We also consider hundreds of applications from smaller institutions, but are wary of funding campaigns for building programs or for”reducing deficits”. The former have not usually developed far enough and the latter have gone too far. We give to the small as well as the large: the Art Gallery of Ontario and the Cabbagetown Community Art Centre; the United Way and the Friends of Shopping Bag Ladies; the Salvation Army’s Grace Hospital and the Northwest Territories Mental Health Association. We do not usually give to causes that have, or can obtain, strong commercial backing. We also like to give to causes where our donations will have the greatest secondary benefits. About one out of every four applications received a favourable response during 1984.
In general, the chance of success is increased if particular attention is paid to the beginning and end of a fund-raising drive.
First, at the start, an Executive Summary-no more than one page-should be sent to trustees and officers of the foundation at their home or business addresses, or failing that, to the foundation office with “Please Forward” on the envelope. Send the summary with a brief note indicating that supplementary information is already at the foundation office. Keep it concise. Trustees are usually volunteers who have other jobs. One foundation requires that all applications be submitted in sextuplet so that each trustee has his or her own copy. The object of these personal mailings is to focus the trustees’ attention on your project.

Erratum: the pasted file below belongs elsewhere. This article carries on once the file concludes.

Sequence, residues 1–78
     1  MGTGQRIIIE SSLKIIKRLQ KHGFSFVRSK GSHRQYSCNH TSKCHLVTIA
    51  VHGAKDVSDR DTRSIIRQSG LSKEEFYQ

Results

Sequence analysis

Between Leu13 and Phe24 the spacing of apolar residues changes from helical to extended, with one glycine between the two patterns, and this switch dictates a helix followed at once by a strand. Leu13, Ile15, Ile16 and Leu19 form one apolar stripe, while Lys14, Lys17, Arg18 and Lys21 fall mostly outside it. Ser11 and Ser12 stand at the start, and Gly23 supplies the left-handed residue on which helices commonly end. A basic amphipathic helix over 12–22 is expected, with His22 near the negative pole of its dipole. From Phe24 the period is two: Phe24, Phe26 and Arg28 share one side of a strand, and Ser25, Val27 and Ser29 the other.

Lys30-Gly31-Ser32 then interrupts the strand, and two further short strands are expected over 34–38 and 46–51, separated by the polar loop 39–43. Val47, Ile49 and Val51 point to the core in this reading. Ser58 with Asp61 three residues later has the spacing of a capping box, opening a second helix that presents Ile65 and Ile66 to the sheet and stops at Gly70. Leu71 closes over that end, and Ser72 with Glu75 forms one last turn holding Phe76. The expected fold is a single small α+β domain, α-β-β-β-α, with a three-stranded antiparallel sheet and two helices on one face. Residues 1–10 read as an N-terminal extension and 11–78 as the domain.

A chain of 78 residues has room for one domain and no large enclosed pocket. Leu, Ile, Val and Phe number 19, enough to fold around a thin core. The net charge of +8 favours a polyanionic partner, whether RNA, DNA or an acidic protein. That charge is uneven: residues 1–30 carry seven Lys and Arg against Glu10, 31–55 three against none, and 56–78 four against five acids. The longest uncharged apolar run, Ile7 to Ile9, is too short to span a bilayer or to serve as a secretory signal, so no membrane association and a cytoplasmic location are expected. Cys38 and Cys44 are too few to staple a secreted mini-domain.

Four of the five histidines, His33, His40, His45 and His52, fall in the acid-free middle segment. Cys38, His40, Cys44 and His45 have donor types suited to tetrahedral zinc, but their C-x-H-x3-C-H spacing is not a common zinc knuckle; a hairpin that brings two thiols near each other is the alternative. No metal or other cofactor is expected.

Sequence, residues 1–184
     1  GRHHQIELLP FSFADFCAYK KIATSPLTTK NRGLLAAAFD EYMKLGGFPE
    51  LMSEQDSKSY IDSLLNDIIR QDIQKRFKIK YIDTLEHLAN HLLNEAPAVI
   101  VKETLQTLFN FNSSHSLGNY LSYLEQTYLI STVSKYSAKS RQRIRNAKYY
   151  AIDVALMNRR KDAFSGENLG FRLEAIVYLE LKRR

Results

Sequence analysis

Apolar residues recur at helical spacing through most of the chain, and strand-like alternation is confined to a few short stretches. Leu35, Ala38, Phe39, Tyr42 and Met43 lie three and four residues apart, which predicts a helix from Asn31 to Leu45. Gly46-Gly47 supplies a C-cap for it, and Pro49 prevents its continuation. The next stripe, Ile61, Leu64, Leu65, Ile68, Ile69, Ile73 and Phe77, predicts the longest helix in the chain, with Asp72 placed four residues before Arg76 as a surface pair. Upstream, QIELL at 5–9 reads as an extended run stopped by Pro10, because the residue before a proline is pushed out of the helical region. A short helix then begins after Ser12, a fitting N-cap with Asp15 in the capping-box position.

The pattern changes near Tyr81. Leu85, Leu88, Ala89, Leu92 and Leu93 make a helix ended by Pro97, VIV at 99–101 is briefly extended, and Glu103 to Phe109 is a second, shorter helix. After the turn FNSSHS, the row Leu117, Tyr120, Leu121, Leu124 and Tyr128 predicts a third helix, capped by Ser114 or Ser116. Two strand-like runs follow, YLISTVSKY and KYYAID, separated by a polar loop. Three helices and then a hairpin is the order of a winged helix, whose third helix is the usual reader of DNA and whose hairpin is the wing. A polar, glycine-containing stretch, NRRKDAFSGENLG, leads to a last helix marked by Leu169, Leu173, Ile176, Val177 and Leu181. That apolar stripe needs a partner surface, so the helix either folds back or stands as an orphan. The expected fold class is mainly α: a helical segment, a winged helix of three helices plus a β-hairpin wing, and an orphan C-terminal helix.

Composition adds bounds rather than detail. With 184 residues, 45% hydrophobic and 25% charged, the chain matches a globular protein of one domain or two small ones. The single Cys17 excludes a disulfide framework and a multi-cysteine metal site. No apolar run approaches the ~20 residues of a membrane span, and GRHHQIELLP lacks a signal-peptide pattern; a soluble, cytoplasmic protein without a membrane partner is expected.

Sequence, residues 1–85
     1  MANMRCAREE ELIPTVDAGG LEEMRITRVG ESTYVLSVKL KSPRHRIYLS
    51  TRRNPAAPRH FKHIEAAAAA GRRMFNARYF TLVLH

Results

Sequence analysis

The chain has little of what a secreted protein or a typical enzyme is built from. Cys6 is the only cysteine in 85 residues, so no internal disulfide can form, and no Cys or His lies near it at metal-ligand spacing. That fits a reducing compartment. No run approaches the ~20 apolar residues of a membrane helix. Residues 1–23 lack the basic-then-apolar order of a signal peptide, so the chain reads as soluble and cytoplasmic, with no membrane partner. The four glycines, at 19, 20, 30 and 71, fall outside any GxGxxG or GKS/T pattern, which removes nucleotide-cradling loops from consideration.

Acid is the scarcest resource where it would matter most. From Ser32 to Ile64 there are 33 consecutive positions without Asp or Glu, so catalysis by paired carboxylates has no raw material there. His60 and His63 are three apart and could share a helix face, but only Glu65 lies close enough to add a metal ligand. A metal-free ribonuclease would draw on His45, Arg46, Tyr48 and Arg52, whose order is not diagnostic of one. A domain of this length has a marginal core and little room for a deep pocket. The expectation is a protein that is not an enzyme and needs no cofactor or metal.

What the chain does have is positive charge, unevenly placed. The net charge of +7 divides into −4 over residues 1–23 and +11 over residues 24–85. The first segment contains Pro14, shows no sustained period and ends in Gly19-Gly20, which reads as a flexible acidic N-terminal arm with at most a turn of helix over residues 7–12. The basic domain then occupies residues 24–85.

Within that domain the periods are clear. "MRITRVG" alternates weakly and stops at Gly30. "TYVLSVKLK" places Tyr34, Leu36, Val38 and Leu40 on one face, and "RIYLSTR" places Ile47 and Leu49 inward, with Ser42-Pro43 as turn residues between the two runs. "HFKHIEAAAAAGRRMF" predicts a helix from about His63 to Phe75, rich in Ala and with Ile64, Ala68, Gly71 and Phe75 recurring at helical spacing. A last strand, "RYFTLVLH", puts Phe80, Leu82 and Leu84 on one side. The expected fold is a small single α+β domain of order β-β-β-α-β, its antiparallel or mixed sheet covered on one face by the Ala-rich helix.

At the end of a drive, whether you received a grant or not, do let the foundation know what happened. If you received a grant, let them know what happened to it. Did it accomplish its objectives? Where did it leave the organization? Does the organization need more assistance?
Too often, a foundation receives only a “thank you” letter or a tax receipt from its beneficiaries. The follow-up is left to the foundation. An Executive Summary progress report, or reports, to each trustee would be ideal. Above all, remember that fund raising is a continuous process. Be as ingratiating and informative in your farewells as you were in your greetings. You will, I believe, be well-remembered.
FREDERIC L.R. JACKMAN
Chairman, Jackman Foundation